In mathematics, a function f(x) between two ordered sets is unimodal if for some value m (the mode), it is monotonically increasing for x ≤ m and monotonically decreasing for x ≥ m. In that case, the maximum value of f(x) is f(m) and there are no other local maxima (i.e. there is one mode as the name indicates).
Examples of unimodal functions:
A function f(x) is "Sunimodal" if its Schwartzian derivative is negative for all .
In probability and statistics, a "unimodal probability distribution" is a probability distribution whose probability density function is a unimodal function, or more generally, whose cumulative distribution function is convex up to m and concave thereafter (this allows for the possibility of a nonzero probability for x=m). For a unimodal probability distribution of a continuous random variable, the VysochanskiiPetunin inequality provides a refinement of the Chebyshev inequality. Compare multimodal distribution.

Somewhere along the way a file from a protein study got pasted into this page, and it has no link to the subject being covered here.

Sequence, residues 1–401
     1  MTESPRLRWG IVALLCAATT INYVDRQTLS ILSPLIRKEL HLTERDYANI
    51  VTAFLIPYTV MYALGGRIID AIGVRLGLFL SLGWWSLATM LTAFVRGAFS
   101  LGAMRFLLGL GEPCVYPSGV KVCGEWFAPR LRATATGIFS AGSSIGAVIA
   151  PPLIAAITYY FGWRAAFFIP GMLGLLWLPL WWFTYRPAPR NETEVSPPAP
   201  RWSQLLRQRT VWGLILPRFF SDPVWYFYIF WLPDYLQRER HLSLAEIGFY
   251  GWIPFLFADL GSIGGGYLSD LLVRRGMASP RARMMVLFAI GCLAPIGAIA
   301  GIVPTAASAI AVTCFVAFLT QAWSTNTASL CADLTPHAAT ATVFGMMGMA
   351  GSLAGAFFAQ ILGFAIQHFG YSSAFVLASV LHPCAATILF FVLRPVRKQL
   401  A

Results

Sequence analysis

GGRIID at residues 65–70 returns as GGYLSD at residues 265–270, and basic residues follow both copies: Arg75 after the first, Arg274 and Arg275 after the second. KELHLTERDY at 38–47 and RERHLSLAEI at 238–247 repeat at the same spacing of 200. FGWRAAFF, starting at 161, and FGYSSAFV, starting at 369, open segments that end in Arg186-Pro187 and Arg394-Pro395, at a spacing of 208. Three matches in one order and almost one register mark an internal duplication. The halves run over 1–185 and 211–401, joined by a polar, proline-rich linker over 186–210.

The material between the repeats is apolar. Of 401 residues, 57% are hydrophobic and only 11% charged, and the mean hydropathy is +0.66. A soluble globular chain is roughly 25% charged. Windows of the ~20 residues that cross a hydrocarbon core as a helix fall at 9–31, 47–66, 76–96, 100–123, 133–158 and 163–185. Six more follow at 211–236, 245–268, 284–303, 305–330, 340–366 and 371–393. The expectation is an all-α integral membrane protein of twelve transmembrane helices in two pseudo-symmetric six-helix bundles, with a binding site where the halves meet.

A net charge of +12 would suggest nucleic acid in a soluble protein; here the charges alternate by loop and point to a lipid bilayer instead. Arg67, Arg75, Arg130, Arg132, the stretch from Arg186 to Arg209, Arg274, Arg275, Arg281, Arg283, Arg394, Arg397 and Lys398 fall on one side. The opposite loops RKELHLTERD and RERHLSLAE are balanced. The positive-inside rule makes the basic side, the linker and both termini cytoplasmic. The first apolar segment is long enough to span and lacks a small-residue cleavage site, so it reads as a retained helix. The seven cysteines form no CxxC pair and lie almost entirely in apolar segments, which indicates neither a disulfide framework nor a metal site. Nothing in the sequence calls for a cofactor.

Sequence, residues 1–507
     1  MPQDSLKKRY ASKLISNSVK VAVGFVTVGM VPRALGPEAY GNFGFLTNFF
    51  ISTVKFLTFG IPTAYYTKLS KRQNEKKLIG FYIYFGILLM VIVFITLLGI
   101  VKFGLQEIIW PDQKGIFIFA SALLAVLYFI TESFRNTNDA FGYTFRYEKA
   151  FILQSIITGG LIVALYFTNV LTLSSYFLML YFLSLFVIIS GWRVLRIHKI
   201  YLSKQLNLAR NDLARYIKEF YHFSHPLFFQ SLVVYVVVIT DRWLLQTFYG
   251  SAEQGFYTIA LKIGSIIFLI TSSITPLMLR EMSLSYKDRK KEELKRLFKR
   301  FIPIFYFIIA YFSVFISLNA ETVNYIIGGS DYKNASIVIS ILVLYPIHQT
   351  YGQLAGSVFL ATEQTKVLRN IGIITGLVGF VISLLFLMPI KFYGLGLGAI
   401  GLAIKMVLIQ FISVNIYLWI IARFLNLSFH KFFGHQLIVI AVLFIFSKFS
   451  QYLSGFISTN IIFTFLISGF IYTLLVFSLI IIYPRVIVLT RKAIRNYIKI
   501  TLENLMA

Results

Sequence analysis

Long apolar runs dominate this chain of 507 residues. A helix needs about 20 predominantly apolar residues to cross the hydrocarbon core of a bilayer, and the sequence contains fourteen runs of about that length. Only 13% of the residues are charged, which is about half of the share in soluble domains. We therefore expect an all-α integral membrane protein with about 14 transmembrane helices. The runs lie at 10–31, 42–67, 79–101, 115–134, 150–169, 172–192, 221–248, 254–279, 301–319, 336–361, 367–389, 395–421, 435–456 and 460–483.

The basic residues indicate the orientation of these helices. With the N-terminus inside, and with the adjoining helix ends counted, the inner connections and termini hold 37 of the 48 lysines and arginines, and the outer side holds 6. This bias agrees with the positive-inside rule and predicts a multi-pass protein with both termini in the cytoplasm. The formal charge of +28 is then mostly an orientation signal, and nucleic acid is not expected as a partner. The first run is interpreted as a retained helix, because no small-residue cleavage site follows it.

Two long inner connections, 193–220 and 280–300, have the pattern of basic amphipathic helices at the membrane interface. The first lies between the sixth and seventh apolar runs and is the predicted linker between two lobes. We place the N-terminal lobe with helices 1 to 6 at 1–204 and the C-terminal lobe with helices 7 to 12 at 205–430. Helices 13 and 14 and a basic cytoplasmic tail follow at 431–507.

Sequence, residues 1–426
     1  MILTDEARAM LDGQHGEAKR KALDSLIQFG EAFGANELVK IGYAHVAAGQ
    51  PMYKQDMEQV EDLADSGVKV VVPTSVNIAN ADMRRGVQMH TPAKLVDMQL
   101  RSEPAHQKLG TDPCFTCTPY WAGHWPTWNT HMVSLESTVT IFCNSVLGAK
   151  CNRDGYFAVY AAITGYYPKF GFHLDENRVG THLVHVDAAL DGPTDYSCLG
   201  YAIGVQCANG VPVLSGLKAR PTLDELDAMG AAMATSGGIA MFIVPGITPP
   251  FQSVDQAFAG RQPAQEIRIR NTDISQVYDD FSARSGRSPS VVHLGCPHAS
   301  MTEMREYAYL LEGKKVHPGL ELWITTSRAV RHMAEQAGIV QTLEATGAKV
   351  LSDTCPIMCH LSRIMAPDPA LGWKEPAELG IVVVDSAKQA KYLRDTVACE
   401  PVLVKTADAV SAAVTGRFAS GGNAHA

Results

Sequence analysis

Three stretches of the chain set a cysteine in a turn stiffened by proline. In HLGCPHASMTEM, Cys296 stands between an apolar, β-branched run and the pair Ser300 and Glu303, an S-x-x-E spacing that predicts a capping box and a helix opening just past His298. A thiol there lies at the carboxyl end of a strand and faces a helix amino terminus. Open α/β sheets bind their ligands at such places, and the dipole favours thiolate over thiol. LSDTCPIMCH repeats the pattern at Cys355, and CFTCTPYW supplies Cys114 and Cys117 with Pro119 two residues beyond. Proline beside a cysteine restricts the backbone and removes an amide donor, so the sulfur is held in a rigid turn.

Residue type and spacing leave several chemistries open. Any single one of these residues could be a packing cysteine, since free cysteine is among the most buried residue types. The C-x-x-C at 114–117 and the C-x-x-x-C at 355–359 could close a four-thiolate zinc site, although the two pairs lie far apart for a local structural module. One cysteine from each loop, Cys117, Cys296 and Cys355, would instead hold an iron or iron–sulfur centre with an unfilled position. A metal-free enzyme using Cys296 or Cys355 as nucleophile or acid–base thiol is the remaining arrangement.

In computational geometry if a function is unimodal it permits the design of efficient algorithms for finding the extrema of the function.^{[1]}